First step was to tape off the door. I used an “exterior surfaces” painter’s tape from ScotchBlue that I hadn’t tried before (this is the stuff). The special feature is that with a bit of pressure when you are ripping it off the roll, it tears off in a straight line – no scissors needed or wonky cuts! It only took a few tries of getting used to breaking it off, and it really made things a cinch. Taping off all of these little windows took waaaay less time.

A painted turquoise front door on a red brick bungalow. A perfect DIY project to amp up your curb appeal! - via the sweetest digs

When I was browsing my Martha Stewart paint deck, I saw her teal colour (called “araucana teal“) and I was sold. It’s a really saturated color, knew it would go well with our red brick and black accents, and it just felt happy to me.DSC_0783

I had it colour-matched at the Home Depot to CIL’s exterior paint in a satin finish.

[Update: After living with this paint finish for a while, I would recommend going with a semi-gloss or gloss finish. We found that the satin finish marked easily.]
DSC_0786I gave the door a sanding before getting started. I didn’t go overboard, as we will replace this door when we do our major addition/reno, but I wanted to get some of the major dings sanded down a bit. Then I washed it down with a soapy cloth, let it dry, and got started on painting. Remember that your paint job is only going to be as good as your prep work, so make sure to put the time in (even though I know how annoying it can be!).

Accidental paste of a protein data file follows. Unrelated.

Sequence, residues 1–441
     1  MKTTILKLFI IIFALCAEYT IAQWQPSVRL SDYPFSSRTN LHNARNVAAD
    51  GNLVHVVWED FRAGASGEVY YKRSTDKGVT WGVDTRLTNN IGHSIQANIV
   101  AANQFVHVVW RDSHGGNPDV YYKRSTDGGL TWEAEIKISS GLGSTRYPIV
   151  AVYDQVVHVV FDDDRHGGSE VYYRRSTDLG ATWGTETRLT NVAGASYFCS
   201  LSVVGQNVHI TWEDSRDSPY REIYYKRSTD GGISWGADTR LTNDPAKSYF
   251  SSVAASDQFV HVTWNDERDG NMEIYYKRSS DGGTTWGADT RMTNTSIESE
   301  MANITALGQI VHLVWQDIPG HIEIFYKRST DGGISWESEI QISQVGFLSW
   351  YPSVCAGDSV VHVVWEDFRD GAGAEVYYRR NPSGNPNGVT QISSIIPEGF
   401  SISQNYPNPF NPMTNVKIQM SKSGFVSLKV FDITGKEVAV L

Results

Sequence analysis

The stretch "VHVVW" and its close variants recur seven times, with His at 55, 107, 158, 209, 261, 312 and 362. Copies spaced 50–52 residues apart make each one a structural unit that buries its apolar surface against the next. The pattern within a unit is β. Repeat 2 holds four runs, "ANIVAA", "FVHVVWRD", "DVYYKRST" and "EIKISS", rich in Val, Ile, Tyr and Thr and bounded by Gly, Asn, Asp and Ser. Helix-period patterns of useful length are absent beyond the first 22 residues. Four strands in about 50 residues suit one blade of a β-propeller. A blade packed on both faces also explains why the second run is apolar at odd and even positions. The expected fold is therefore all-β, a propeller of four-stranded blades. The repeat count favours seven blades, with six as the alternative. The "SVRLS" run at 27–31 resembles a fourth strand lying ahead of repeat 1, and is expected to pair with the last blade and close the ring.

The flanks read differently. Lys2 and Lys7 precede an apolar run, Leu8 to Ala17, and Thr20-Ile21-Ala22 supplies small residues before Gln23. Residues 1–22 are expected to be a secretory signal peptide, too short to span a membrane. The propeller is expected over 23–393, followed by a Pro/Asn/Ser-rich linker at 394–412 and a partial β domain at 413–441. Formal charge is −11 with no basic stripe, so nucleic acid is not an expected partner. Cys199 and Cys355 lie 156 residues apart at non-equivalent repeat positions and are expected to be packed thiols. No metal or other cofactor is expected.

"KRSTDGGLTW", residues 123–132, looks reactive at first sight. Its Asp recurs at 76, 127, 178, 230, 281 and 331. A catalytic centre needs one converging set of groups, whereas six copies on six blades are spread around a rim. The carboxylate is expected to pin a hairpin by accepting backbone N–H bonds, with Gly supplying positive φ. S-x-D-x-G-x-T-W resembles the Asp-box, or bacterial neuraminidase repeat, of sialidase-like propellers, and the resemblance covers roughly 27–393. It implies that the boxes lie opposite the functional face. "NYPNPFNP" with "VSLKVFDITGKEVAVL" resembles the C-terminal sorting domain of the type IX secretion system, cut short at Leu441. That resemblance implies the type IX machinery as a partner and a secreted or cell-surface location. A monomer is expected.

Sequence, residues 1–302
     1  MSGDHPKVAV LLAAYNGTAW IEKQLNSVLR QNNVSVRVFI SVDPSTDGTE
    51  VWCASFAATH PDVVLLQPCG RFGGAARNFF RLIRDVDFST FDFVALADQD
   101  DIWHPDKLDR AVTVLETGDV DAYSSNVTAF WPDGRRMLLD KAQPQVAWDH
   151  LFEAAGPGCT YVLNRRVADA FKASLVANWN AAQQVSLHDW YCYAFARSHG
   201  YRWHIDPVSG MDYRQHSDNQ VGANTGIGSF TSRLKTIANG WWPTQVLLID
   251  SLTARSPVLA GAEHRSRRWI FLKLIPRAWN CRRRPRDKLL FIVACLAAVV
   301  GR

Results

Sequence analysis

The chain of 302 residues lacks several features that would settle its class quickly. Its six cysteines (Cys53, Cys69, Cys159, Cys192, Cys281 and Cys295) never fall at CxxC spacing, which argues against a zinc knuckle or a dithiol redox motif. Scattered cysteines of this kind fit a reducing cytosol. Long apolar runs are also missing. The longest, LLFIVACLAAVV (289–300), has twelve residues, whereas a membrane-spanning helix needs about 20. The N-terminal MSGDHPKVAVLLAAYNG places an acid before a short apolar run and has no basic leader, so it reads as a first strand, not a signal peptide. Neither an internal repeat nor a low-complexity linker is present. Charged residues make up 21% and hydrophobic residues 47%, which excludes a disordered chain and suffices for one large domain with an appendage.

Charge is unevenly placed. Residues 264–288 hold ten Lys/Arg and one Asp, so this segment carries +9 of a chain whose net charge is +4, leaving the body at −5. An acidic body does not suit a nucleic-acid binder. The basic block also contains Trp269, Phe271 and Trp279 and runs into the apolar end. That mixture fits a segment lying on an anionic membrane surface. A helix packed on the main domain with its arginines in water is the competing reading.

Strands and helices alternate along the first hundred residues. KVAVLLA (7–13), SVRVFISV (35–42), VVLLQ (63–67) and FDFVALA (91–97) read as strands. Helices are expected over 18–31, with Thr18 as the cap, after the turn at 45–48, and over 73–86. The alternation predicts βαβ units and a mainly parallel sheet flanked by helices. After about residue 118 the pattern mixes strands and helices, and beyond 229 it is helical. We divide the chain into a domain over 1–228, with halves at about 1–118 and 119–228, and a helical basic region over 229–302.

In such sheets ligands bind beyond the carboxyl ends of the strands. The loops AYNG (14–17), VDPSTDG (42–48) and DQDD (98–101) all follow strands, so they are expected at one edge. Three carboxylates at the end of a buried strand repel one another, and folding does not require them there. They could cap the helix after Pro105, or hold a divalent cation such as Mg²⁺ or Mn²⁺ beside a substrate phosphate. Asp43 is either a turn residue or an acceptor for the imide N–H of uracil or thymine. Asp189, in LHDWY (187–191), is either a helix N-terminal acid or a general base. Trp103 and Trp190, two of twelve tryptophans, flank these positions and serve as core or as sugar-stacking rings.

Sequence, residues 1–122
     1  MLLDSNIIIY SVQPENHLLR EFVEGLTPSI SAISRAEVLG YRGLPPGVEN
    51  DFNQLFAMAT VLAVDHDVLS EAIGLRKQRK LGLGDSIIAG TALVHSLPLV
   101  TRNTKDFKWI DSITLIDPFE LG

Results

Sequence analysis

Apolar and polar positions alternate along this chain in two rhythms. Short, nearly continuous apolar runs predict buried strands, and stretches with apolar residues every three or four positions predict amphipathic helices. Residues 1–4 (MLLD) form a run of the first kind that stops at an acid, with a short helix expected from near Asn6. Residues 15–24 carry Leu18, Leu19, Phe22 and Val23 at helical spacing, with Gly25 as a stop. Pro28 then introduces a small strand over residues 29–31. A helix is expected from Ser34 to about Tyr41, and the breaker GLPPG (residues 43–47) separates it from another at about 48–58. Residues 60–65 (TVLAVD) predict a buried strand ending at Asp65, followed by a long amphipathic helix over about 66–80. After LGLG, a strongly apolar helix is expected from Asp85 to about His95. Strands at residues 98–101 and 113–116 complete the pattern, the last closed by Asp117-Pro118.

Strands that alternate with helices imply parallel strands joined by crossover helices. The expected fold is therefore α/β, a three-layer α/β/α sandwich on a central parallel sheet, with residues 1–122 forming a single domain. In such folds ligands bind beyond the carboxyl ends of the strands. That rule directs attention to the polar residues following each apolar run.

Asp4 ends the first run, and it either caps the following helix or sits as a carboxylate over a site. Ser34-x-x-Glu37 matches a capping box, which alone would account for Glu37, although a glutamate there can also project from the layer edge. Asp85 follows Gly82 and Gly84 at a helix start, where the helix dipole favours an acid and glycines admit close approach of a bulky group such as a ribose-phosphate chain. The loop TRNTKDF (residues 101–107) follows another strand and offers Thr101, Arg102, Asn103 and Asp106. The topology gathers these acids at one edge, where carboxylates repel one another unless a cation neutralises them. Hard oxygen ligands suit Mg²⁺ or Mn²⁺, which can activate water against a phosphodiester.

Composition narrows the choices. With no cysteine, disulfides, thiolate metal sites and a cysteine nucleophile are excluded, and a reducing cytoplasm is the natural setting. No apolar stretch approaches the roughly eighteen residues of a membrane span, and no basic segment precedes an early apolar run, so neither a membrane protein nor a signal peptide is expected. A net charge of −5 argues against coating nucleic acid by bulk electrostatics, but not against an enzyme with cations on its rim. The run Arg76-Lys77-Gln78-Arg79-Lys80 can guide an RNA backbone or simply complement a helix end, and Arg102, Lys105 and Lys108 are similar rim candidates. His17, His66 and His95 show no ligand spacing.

First up was to cut in around all areas with moulding with a 2″ angled brush. I just cut in around the door knob, but if you’re worried, either tape off the hardware or remove it all together for painting.
A painted turquoise front door on a red brick bungalow. A perfect DIY project to amp up your curb appeal! - via the sweetest digs

Then finish off the rest with a small foam roller. It took three coats for full coverage. The foam roller will give you that more smooth finish, free of brush strokes.


Below is a better photo of the colour. It’s very much a teal. I couldn’t be happier. DSC_1175

You can see that there are still some dents in the door (this is an OLD door!), but the paint did a nice job of distracting from them. They were more noticeable in the glossy white, which was super dingy looking. And even though we still have our old doorknob, I love the way the brass now looks next to the teal.DSC_1176



I really like the balance of the cool turquoise with the warm red and rich black accents. It’s a happy little marriage of colours.DSC_1180

With the screen door closed you can’t see the turquoise as clearly, but there is still a pop of colour from the street. DSC_1188-edited

This is one of those projects that I so wish I had done when we first purchased our home. The turquoise door and black screen have really changed the curb appeal of our place and make it a really happy place to come home to.

Want more door painting tips?: Check out how I painted some interior doors gray and got a factory finish. This post has all the how-to details!

What colour is your front door? Are you into bright doors? Love neutral beauties? I definitely still love a black or deep navy door. I think we might go that route in our future once the addition/reno is done. 

the DIY files: painting a screen door

25th September 2013

So remember this post back in May when I threw around some options for paint colours for our front door? And how I was trying to make it work with our uber-ugly brown screen door? The screen door that didn’t match with our house numbers, mailboxes, or shutters?